Lesson of the polls: Beware the anger of the electorate
16 June, 2017
Triumphant: Emily Thornberry and Jeremy Corbyn celebrate polls victory
• I WOULD like to thank all those who voted Labour last Thursday. Jeremy Corbyn had a vote of 40,000 and Emily Thornberry had 30,000, almost a 50 per cent increase from 2015.
Although Labour managed to win 262 seats, they did not win enough to gain an overall majority of 326 seats.
In simple terms, Labour did lose the election and the Conservatives were able to hold on to power. But the election result is a lot more complex than the numbers suggest and says a lot more about the government than anything else.
In 2010, Conservatives formed a coalition with the Lib Dems, who moved from being a left-leaning, centre, Christian Democratic party to a centre-right party.
They were wiped out in the 2015 election. The electorate was sending out a clear message: they were now going to turn on liars and make them suffer.
Student fees, the promises of increased public spending and tax cuts – all Lib Dem policies that bit the dust with them.
In the 2017 election, the Tory government made two promises – one on the EU and the other on creating a better, fairer society. Both were promises Theresa May failed to keep because she was busy trying to shore up the fault line with the Far Right in her party.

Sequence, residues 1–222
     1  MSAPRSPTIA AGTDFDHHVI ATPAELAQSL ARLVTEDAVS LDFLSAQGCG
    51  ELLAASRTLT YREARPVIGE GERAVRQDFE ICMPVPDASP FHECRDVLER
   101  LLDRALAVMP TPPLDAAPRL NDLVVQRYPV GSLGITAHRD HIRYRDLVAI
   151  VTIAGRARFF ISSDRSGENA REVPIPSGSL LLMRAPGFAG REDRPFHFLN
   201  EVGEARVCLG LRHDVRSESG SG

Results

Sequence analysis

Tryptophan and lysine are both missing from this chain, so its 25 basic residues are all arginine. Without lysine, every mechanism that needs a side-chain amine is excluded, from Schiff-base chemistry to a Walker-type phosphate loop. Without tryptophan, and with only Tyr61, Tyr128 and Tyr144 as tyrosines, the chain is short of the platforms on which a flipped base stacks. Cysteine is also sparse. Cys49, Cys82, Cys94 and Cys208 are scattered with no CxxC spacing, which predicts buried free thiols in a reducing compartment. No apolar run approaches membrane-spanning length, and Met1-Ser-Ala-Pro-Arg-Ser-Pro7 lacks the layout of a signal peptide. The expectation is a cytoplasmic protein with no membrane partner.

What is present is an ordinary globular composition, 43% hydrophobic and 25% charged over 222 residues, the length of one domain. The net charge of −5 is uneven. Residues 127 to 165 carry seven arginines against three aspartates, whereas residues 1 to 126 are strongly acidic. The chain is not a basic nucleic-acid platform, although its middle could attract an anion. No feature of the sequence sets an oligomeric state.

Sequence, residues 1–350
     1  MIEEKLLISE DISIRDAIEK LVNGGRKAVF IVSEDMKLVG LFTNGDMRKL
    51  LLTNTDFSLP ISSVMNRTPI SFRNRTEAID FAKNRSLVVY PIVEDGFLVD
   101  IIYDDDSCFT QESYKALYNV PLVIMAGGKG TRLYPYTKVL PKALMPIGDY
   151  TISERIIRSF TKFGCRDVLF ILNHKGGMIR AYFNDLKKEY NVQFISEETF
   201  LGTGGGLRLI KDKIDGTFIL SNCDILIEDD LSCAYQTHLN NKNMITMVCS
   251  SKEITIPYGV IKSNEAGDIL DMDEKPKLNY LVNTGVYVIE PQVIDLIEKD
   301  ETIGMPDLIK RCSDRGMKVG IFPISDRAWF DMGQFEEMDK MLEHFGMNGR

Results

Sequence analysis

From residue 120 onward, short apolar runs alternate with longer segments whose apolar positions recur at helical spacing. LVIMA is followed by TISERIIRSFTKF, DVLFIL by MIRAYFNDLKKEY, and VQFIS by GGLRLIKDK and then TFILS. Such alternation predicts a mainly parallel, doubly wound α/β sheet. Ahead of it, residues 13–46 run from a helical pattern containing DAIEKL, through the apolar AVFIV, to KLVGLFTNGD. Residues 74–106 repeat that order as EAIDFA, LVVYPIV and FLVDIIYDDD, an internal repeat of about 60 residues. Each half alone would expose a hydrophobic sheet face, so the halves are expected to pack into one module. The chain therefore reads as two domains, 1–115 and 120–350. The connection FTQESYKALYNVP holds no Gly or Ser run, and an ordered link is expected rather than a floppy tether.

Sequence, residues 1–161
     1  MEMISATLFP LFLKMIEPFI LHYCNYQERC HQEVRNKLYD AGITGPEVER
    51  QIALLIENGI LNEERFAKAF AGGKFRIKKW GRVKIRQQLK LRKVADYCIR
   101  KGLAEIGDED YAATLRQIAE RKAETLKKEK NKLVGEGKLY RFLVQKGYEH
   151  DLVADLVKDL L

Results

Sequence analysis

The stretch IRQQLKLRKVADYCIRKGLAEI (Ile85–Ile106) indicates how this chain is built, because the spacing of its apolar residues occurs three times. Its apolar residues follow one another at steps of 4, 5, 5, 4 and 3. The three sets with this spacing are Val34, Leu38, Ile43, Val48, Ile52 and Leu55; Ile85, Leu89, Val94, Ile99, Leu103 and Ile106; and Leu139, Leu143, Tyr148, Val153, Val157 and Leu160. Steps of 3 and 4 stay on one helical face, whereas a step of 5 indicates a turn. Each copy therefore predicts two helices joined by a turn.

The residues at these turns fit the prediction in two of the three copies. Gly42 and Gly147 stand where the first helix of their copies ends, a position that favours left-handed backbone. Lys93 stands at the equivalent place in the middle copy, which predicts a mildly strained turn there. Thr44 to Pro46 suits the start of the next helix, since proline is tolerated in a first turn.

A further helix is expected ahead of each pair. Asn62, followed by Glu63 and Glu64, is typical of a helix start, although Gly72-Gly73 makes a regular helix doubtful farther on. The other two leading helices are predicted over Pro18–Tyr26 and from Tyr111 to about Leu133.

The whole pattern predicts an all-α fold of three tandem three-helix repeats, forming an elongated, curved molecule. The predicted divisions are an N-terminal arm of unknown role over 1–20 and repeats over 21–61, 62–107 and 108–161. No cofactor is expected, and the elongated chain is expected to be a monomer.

She called the election expecting an ever-bigger majority. She got the opposite. Safe seat after seat had their votes cut in half or were taken out. Finally, Kensington, the safest Conservative seat in London, was won by Labour.
The electorate were now turning the screws on the Conservative government, both from the Left and the Far Right.
What we have seen is tactical voting by the Far Right to make them keep their promises on Brexit and, more significantly, voting from the Left to punish the Conservative government for the lies and false promises over the Referendum.
Remember the big bus with £350m for the NHS? Well, they then told us they never promised it.
The really important weapon was not the manifesto but the anger of the electorate that had been lied to again and again.
Labour, if it gets into power, has to remember that if it lies to the electorate on student fees or the £10 basic wage it will also face the anger of the electorate. They will be just as merciless as they have been on the Conservatives, Lib Dems, Ukip and SNP.
CLLR RAPHAEL ANDREWS